It's sad, people flock to the borgs, and some nice hardware stores have gone out of bidness because of it... there is plenty here though, but nothing like a Woodcraft. But as far as production of more costly things like I am yakkin about, there are still the woodworking businesses online and specialist stores that will stock desireable items, such as Rockler and Woodcraft and single store front retailers. General and Stanley could do it no problem, as much as Lie-Nielson is distributing their tools.

Yeah and retailers have the same economical ideas, why pay too much for something that most likely will not sell fast enough.

Seems they almost couldn't care less, nor do they pay attention.

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So do I. I've got a nice selection of antique, along with Veritas, LN, and other excellent modern tools.
"We" is the general public. You and I, along with many here on the 'wreck, are "weird". If we weren't, the Woodcraft stores of the world wouldn't be able to get the stuff fast enough!

I'm not trying to troll you or break your stones. The big stores actually ARE paying attention. Lowes actually gives a whole bunch of slack to the local manager as to stock what sells locally. If a local manager thought a Two Cherries chisel set or Lie Nielsen (or Knight!) planes would sell, he can carry them!
If there was a large mass-market for really good tools, they'd be in the BORGs. Good tools ARE available, the size of the market limits them to specialty retailers.
Hardware is the same game. I get really good hardware (quality screws, hinges, knobs, etc...) and locksets locally from, get this, my favorite PAINT store. <G> If they don't have it, I get it from mail order sources, like Lee Valley, McFeeleys, etc... According to the paint store owner, I and several others order enough of this stuff to actually make it worthwhile for him to carry, but not much more.
Barry
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Yeah... I think, with the way you've gone with that last set of text, you've forgotten my point. It's the second paragraph set, my answer there. Because of all the "other" kinds of business possibilities that exist now, what I am yakking about wouldn't be a problem, anyone knows it. LN is a smaller producer but they are distributing everywhere they possibly can. It's a good example. That means both General and Stanley could do the same with their older and far better designs. There is no reason to fight to justify anything else.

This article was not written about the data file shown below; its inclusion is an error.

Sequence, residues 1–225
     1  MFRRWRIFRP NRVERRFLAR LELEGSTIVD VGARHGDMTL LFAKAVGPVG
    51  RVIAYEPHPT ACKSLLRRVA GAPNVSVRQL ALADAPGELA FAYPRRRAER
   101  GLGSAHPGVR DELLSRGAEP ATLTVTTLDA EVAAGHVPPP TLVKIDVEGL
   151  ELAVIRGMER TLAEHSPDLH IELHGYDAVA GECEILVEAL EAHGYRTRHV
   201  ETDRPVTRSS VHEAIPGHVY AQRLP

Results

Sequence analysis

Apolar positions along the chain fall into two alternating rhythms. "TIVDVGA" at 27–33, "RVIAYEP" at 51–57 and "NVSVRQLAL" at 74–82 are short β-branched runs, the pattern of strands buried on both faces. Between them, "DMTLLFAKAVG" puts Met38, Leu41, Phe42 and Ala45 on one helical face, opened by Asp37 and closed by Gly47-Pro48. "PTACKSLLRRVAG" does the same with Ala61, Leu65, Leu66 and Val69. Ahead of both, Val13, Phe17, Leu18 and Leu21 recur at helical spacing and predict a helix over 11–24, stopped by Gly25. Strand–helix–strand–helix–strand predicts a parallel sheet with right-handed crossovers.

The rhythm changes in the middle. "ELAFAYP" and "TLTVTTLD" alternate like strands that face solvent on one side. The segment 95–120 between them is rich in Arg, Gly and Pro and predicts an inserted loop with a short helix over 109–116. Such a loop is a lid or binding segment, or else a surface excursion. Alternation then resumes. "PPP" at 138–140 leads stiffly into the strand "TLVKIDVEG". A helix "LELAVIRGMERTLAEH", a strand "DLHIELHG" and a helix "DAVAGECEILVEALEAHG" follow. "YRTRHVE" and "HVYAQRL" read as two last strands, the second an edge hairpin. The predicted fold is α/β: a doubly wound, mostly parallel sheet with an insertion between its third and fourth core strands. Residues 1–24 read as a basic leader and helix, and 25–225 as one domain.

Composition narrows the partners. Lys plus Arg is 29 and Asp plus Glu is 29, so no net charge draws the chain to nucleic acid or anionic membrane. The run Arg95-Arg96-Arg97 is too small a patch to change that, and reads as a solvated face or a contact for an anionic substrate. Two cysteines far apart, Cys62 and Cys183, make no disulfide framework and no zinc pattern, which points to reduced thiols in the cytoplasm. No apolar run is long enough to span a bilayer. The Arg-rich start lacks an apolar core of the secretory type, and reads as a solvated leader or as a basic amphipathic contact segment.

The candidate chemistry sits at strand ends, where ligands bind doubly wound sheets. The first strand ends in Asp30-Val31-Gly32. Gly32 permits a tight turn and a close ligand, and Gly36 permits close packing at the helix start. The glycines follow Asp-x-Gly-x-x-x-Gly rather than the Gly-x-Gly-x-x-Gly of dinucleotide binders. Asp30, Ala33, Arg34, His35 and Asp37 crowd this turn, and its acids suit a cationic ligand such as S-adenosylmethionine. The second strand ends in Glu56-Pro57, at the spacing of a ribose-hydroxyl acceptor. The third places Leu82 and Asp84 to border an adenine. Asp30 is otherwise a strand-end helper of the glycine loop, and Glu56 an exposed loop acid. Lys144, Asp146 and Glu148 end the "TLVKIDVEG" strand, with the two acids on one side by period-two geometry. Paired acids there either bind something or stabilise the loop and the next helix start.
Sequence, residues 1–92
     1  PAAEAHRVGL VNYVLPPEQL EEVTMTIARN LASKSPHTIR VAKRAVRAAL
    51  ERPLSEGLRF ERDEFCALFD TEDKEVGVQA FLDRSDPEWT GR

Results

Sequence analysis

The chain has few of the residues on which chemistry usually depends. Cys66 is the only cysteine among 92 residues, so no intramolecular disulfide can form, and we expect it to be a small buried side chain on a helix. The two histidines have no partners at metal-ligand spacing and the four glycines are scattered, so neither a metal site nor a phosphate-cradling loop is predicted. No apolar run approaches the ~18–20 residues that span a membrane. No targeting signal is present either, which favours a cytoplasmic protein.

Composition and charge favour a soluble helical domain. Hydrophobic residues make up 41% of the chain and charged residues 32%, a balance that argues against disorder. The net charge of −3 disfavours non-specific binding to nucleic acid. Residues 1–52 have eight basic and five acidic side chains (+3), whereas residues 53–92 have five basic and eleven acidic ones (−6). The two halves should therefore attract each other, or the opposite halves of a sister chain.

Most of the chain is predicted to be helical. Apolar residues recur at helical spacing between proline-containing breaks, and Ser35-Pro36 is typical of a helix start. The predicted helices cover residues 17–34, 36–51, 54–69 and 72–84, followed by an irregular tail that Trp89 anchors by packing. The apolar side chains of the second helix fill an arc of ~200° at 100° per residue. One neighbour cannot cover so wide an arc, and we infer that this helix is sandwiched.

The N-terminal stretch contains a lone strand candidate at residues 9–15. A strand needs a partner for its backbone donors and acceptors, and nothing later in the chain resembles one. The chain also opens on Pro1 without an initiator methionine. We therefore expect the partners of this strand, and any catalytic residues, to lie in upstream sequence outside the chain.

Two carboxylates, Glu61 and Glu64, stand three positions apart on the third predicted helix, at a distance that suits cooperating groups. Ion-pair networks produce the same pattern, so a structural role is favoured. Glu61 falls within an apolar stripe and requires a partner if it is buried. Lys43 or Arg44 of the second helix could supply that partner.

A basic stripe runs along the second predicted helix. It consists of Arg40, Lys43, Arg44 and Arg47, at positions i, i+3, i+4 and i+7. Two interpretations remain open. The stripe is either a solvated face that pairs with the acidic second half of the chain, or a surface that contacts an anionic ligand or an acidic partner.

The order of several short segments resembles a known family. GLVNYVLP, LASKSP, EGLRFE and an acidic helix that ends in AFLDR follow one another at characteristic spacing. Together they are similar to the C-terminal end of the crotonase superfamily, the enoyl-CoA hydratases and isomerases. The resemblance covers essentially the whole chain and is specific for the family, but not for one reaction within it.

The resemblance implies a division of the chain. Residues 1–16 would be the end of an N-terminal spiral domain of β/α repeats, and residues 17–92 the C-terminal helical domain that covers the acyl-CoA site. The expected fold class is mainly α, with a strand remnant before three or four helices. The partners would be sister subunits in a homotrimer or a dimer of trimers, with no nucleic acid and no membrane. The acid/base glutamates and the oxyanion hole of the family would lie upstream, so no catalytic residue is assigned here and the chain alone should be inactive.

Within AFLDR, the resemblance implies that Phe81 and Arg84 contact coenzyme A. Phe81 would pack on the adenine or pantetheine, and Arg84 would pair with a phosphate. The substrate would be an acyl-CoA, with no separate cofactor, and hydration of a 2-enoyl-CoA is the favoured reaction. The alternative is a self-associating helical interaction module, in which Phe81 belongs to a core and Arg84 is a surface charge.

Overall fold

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AAvK wrote:

Sorry, I didn't mean to come across as fighting. <G>
Barry
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Did I say that you did?
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Alex - "newbie_neander" woodworker
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AAvK wrote:

I wasn't sure, and on occasion my methods of making a point have been taken that way. It's all good!
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that is VERY limited distribution compared to mass-market products. Heck, they aren't even in all the specialty woodworking stores (e.g., Rockler, Lee Valley), much less in high-volume outlets like the borgs, Ace, True Value, Amazon, etc.

their current distribution channels, sell a million of an item with a $1 margin, why would they want to divert effort to a different distribution channel to sell 1,000 items, even with a $5 margin? If I were running general or stanley, I also would stick to my knitting and let LN and LV have that market. I'm just glad there are specialty manufacturers and specialty retailers that recognize the potential in this small market and serve it.

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Alex -- Replace "nospam" with "mail" to reply by email. Checked infrequently.